Thomas Dolby, whose songs "She Blinded Me With Science" and "Hyperactive" became huge hits in the 1980s, kicked off his latest US tour last Friday night at the SXSW festival in Austin, Texas.
His tour criss-crosses the US for the next month and it might seem strange that for the uninitiated he is breaking the slog of nighttime gigs to provide a keynote at the more salubrious venue of the San Jose Civic Auditorium during DESIGN West.
As a London teenager, Thomas Robertson was fascinated with the convergence of music and technology and urban myth has it that Dolby was dubbed "Dolby" by his friends after experiments with an assortment of keyboards, synthesizers and cassette players.
Up until 1990 he released a number of albums and was a member of David Bowie’s band at Live Aid and in Roger Waters’ performance of Pink Floyd’s The Wall in Berlin in 1990.
His keyboard and production work put him in the studio with the likes of David Bowie, Stevie Wonder, Foreigner, Joni Mitchell and George Clinton and gained him five Grammy nominations.
Following hist Astronauts & Heretics album, a US Top 40 entry in 1992, Dolby made a 180-degree turn, career-wise, as he headed off to Silicon Valley. He pursued a separate career as a consultant with one foot in the music industry and the other in software development. He provided consulting expertise to companies such as Netscape, Microsoft, Sun, and Oracle. Eventually, he formed his own company, Beatnik Inc., which didn’t just ride the dotcom boom, it flourished, coming up with the polyphonic ringtone synthesizer for mobile phone manufacturer, Nokia. Beatnik produced the audio layer of Java and created the first interactive music sites on the Web.
In 1993, Dolby successfully established the Headspace company. Headspace developed a new downloadable file format designed specifically for Internet usage called Rich Music Format with the RMF file extension.
Dolby moved back to the UK from California and his home studio (powered by both solar and wind) sits on concrete supports in his North Sea backyard in Suffolk, housed in a restored 1930s lifeboat from an ocean liner. Last year he released his first album for 20 years, which was recorded using this studio. Great pics of the studio in this article.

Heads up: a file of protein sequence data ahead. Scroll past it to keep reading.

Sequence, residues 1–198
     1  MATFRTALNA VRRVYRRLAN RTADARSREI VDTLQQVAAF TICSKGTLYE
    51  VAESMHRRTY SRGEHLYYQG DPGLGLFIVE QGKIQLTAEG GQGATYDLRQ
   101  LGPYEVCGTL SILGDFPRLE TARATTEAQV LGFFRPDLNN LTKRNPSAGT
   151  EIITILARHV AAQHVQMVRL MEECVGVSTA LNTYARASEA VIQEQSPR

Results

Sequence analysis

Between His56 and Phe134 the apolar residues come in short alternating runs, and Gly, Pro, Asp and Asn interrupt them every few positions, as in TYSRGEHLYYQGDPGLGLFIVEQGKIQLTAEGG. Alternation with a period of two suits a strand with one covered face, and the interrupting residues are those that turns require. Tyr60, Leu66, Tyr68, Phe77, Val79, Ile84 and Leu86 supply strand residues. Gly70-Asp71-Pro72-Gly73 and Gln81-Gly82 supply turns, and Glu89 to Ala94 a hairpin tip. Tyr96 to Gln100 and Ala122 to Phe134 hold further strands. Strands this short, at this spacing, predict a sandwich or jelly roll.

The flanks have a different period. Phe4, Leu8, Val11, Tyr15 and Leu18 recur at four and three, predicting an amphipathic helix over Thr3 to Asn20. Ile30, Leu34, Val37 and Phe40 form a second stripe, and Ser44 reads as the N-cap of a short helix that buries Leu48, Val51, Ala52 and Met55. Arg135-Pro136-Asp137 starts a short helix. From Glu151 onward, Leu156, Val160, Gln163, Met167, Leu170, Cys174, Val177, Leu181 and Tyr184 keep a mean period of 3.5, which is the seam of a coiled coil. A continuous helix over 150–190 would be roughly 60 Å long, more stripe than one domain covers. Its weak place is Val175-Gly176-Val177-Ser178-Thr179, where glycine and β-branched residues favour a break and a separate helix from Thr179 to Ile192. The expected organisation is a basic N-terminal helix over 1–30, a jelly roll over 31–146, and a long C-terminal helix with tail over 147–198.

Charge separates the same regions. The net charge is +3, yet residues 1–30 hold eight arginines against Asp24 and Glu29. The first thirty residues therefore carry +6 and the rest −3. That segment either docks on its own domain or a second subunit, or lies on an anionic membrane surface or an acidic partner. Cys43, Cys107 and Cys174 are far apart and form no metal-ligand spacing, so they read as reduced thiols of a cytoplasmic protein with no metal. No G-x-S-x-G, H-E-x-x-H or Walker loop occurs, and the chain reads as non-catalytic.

The new album features Mark Knopfler and Eddi Reader and is divided into three sections - Urbanoia ("songs with a city/world music vibe"), Amerikana and Oceanea, which is inspired by Suffolk. The new album has a companion Floating City computer game and poster, inspired in part by his own songs from the 1980s.
"I would lurk around internet sites where I found people would log in as characters from my songs, and write fan-fictions based on storylines from songs, so you'd find a Europa, a Caroline or a Budapest," Dolby told BBC Radio Suffolk. "The Floating City game was an attempt to get my arms around this and all the items and character names in a lyric became the basis of a trading game."
Dolby recently told the Metro newspaper, "I’m at my most excitable when I’m doing something unexplored. When I started out, few people were making entire pop records with electronics. I had a natural inclination towards rich instrumentation. Each time something new came along – videogames, virtual reality, the internet – I thought I’d like to mess with that and define what it can be."
Dolby is Music Director of TED (Technology, Entertainment, Design), which sees a 1000 CEOs, scientists, designers, intellectuals brought together at conferences in Long Beach, California, Palm Springs, California and TEDGlobal in Edinburgh, Scotland.
Dolby has also long been intrigued by the relationship between technology and music and his presentation entitle 'Unleash the Genius Within!' will start at 9.30am on Tuesday 27 March.
The keynote is free to all registered attendees at DESIGN West and it is advisable to pre-register here.
David Patterson, known for his pioneering research that led to RAID, clusters and more, is part of a team at UC Berkeley that recently made its RISC-V processor architecture an open source hardware offering. We talk with Patterson and one of his colleagues behind the effort about the opportunities they see, what new kinds of designs they hope to enable and what it means for today’s commercial processor giants such as Intel, ARM and Imagination Technologies.